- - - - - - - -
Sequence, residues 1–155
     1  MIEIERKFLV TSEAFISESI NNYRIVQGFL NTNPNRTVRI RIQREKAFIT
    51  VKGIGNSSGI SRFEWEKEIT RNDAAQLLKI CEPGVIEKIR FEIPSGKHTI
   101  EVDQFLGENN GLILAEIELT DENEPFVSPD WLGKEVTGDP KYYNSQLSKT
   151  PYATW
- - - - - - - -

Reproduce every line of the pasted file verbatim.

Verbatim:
Sequence, residues 1–155
     1  MIEIERKFLV TSEAFISESI NNYRIVQGFL NTNPNRTVRI RIQREKAFIT
    51  VKGIGNSSGI SRFEWEKEIT RNDAAQLLKI CEPGVIEKIR FEIPSGKHTI
   101  EVDQFLGENN GLILAEIELT DENEPFVSPD WLGKEVTGDP KYYNSQLSKT
   151  PYATW